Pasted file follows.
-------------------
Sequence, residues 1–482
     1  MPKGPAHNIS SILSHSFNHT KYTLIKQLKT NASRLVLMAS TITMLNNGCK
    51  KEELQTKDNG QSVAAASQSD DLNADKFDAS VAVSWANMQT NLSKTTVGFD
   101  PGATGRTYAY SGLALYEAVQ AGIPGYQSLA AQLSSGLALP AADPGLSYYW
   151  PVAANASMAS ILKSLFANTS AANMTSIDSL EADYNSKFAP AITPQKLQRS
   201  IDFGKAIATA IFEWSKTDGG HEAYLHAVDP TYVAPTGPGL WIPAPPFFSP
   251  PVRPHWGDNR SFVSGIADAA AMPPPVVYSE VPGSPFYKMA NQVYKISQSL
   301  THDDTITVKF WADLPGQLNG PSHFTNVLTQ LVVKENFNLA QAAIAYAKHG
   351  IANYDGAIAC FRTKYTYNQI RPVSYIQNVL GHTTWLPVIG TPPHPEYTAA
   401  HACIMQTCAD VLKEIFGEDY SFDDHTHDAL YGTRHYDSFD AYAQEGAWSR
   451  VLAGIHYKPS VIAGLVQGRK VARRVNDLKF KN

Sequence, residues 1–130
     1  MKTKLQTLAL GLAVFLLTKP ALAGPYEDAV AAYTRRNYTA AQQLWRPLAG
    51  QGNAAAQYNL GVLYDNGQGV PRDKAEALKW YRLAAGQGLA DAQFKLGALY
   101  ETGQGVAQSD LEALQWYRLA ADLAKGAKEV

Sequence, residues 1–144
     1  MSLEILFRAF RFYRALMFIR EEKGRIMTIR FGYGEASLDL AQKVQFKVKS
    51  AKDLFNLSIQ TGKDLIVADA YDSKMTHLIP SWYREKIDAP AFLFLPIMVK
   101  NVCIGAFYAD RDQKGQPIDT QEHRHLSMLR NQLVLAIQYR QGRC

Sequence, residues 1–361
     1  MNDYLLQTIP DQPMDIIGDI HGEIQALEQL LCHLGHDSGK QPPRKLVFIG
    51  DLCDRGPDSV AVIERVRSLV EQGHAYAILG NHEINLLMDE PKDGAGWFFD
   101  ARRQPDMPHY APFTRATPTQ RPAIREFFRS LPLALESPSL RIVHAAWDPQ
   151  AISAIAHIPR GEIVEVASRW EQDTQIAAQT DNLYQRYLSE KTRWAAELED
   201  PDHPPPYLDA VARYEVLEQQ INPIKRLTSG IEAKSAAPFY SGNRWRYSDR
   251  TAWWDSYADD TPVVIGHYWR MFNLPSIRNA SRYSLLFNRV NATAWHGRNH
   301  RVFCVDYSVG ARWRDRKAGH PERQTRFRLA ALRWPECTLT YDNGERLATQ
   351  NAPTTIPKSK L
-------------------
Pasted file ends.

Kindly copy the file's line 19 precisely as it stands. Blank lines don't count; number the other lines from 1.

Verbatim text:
   101  NVCIGAFYAD RDQKGQPIDT QEHRHLSMLR NQLVLAIQYR QGRC